It is part of the popular narrative that exercise, in whatever form it comes, is good for you. However, when undertaken incorrectly, or without sufficient preparation, we can find ourselves seriously injured. Exercise, too, can assist in the treatment of back pain; however, we must be mindful of how we approach this in order for this to be effective and to avoid further damage.

Practices that help to prevent sports injuries can be a useful starting point. Staying hydrated during exercise, being mindful of current injuries, and maintaining a schedule that allows at least one day off per week from exercise can contribute to an effective prevention strategy. This can go further than our personal injuries, too. When parents assert these best practices, their kids can understand and implement them in their sports and physical activities from an early age. This can help to mitigate the potential for forming bad habits that turn into long-term problems.

Aside from athletic activity, it can be useful to know that yoga and Pilates both have routines that are designed to help treat and prevent back pain.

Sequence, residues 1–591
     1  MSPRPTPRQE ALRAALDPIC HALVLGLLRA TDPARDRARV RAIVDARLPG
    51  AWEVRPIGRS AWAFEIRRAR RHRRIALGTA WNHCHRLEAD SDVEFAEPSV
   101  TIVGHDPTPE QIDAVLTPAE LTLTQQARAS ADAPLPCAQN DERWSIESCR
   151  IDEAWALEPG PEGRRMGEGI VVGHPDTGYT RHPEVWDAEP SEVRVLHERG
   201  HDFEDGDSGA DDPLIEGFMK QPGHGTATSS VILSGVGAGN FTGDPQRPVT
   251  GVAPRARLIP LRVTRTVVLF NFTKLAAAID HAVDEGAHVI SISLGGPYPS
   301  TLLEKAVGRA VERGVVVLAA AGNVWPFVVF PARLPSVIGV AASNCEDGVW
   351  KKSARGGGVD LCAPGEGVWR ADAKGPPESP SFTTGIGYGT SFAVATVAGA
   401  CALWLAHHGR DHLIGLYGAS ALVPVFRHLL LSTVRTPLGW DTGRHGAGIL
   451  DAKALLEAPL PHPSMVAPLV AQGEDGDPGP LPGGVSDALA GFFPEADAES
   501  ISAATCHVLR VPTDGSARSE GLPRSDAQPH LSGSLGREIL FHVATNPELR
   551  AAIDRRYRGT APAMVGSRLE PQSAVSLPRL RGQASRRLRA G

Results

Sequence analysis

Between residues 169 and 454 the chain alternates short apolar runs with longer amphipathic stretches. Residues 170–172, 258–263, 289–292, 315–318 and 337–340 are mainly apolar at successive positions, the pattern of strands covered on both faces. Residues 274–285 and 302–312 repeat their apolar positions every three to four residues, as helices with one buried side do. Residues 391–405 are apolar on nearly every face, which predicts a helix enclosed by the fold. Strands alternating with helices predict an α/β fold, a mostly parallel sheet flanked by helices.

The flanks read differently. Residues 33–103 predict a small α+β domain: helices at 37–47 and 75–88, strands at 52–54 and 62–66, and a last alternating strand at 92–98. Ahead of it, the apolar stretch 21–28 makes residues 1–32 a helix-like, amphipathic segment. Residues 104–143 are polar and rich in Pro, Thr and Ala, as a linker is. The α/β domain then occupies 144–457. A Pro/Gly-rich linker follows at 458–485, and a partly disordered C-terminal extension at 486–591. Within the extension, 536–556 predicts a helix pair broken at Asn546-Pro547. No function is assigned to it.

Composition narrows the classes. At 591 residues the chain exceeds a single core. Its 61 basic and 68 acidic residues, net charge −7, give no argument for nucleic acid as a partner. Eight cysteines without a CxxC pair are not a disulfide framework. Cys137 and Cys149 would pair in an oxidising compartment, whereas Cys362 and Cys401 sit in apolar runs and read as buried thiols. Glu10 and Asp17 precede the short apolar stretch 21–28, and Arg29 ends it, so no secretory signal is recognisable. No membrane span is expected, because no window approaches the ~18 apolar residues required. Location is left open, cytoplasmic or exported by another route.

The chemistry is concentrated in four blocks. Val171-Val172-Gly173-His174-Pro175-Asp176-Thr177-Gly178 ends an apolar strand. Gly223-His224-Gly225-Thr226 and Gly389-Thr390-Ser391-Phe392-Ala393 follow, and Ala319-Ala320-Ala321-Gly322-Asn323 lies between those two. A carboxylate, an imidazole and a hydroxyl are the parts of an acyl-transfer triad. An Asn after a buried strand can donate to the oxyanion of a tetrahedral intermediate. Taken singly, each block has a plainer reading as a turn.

In yoga:

  • Downward facing dog (lower back pain);
  • Sphinx pose (lower back pain);
  • Cobra (middle back pain);
  • Shoulder flossing (middle back pain).

In Pilates:

  • Pelvic tilt (lower back pain);
  • Supine Spinal Twist (lower back pain);
  • Swan (middle and upper back pain).

It’s important to remember, however, that utilizing yoga or Pilates as part of back pain therapy should be undertaken with expert guidance from a physiotherapist or coach. Both of these activities can cause additional injuries when pursued recklessly or with an insufficient understanding of your injury. Make adequate preparations — stretching, supportive breathing — and know what your limits are.

Tools and Preventative Measures

External support aids come in a variety of forms, each designed to assist different types of back pain and circumstances for use. Many of us who work in offices are familiar with the sight of lumbar support pillows in the office, used to help to discourage bad posture. However, there are other options available to us that can help support our spinal health:

  • Heating pad. Largely most appropriate for lower back pain, these pads can be placed against the source of pain to relax the muscles and provide short term relief from symptoms. Many are now programmed to shut off automatically after around 15 minutes, but care should be taken to prevent overuse and superficial burns.